In one of his periodic “Critics Picks” video features, A.O. Scott looks at Jean Renoir’s The Rules of the Game (1939). He begins by wondering aloud if this is the greatest movie ever made. This isn’t hyberole. Once, when I was still teaching film studies, I was a member of an online film theory discussion group in which Rules of the Game emerged as the consensus best film of all time. (Interestingly, it also emerged as one of the hardest films to teach, or at least to get students to understand its greatness.) Renoir’s film has also been called the most perfect film ever made, as well as the only film ever made for grownups.
What makes the film so great? First of all, its timing. It depects a society “dancing on the edge of a volcano,” as one critic put it, just before World War II. Renoir was known as a warm and sympathetic person and director, but Rules is a strikingly cool and critical film–perfect for the time. Another reason may seem dryly technical, which is why students don’t easily warm to the film. Renoir remains the first and undisputed master of maximizing film space for narrative purposes.
Renoir’s technical can be seen in the famous bedtime scene at the chateau. (Scott shows a clip.) Renoir was famous for his deep-focus technique, which allows him to stage action on multiple planes within a single shot. His contemporaries Orson Welles and William Wyler also used deep-focus, but what set Renoir apart is that he uses deep focus not to bind front and back into a dramatic whole but to call attention to something else going on in the rear of the frame that isn’t directly related to the action in the foreground. He also moves his camera, expanding the dramatic space even further. All camera movement reframes our view, but to a greater extent than any other director Renoir unsettles our sense of where we should be looking. It’s a stance that is at once inclusive and corrosive, elegiac and revolutionary. Little wonder they tried to burn down the theater when Rules was first released.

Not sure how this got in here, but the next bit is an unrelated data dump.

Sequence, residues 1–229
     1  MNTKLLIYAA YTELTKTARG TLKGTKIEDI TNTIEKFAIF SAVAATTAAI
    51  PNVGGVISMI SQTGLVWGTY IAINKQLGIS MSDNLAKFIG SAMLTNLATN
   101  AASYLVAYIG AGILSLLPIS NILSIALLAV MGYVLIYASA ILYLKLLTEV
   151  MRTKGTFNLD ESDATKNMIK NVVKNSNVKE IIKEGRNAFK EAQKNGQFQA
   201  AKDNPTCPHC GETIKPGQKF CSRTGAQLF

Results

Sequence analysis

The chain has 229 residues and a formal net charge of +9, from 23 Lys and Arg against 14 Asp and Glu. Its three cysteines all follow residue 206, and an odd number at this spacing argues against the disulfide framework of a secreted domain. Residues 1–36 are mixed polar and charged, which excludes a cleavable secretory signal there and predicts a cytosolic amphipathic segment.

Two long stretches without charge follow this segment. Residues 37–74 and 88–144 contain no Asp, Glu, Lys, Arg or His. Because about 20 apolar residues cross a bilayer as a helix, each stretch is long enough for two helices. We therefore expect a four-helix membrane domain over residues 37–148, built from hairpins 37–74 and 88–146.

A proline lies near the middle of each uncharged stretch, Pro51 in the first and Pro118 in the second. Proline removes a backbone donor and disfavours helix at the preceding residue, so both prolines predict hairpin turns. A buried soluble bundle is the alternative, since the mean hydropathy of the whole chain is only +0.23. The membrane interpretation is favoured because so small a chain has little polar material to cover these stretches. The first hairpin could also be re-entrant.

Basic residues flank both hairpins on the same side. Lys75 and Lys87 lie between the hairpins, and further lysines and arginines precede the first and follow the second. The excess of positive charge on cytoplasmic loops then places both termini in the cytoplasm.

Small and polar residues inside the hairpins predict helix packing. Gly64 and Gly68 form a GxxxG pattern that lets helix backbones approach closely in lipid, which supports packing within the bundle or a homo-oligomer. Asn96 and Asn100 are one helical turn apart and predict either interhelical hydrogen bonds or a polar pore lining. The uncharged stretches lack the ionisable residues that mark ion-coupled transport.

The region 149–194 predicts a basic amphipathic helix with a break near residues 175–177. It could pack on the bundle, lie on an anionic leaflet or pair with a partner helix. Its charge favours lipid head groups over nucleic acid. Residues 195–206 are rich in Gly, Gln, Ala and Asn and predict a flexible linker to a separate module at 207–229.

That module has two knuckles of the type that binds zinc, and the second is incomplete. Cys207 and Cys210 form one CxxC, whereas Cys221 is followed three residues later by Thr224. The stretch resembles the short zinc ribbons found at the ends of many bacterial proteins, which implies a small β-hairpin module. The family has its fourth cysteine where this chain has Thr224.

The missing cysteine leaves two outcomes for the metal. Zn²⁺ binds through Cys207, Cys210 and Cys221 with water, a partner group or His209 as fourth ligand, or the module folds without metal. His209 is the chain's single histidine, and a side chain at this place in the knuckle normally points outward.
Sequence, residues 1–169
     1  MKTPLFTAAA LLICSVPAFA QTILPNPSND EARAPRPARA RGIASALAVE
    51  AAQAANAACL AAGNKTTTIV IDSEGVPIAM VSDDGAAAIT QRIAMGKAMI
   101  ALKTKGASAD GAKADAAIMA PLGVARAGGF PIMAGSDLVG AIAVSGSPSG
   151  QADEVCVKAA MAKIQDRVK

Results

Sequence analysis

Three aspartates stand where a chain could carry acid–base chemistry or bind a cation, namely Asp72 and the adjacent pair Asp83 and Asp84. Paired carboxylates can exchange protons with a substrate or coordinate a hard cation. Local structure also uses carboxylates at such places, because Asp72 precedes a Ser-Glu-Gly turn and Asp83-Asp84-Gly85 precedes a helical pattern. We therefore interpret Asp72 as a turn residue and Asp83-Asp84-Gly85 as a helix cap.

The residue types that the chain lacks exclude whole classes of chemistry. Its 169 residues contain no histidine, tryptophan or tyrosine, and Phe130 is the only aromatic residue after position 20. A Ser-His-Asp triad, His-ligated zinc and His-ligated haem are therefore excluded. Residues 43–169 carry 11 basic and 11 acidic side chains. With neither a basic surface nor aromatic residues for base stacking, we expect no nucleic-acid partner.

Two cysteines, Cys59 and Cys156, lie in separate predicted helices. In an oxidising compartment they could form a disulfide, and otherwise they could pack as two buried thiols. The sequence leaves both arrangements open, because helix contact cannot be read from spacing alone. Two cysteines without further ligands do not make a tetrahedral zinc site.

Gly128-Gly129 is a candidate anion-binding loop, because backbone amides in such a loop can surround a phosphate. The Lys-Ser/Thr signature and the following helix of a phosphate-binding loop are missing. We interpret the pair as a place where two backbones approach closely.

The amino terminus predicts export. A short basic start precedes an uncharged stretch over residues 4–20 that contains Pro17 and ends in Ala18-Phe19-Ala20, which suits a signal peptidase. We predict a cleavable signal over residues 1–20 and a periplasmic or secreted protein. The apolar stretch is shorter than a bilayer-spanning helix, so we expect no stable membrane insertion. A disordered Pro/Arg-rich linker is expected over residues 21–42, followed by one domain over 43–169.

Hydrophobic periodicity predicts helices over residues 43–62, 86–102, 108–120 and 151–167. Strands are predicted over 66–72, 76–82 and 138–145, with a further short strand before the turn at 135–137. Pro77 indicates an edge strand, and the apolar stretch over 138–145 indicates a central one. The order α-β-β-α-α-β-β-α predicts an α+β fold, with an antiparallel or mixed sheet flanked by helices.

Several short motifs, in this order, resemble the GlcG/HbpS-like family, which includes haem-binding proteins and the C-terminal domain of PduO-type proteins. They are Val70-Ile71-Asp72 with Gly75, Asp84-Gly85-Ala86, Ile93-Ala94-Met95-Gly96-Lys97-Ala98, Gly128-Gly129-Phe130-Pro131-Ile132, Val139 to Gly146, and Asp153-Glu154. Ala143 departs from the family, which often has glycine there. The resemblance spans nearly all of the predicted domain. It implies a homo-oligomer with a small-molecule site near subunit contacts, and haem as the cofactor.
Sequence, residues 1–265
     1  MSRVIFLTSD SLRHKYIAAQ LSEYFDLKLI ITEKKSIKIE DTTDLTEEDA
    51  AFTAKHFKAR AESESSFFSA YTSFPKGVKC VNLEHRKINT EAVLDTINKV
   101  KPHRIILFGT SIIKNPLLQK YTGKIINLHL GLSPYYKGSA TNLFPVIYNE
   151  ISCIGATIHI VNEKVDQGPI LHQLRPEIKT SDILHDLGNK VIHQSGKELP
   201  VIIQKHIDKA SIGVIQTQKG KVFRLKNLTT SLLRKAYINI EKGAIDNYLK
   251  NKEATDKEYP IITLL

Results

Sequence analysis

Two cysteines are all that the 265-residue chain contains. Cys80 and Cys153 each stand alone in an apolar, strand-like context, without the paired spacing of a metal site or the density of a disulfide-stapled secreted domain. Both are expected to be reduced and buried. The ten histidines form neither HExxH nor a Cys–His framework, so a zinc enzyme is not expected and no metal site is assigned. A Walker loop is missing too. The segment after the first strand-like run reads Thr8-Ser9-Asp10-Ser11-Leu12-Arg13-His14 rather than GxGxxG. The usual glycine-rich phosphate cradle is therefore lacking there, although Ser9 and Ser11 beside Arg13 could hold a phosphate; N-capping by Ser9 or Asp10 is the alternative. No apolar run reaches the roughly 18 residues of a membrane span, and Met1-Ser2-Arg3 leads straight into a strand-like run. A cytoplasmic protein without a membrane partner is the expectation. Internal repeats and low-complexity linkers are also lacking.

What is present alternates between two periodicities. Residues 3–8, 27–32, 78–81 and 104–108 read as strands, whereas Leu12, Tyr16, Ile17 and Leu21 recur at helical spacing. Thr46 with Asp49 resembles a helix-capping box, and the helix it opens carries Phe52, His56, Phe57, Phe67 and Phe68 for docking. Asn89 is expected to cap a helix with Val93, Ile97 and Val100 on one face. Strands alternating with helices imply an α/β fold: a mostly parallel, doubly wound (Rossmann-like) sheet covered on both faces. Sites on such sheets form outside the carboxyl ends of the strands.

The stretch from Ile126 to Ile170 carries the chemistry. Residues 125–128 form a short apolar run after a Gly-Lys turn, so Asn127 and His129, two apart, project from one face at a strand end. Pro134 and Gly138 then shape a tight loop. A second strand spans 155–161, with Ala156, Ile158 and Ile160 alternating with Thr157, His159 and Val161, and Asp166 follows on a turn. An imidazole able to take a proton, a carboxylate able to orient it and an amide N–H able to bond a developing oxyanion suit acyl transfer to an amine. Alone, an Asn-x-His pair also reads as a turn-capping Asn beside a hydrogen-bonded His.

This technique is the basis of Renoir’s critical realism, linking him to his friend Bertolt Brecht, at least in artistic intent if not aesthetic style. Renoir and Brecht were both interested in unraveling that ideal space in which everything is suppposed to be present and, therefore, instantly comprehensible to a viewer. The social relations in the film seem clear and immutable, yet, like the guests in the bedtime scene, all the pieces are flying off into different directions, until the entire social structure crumbles before our eyes.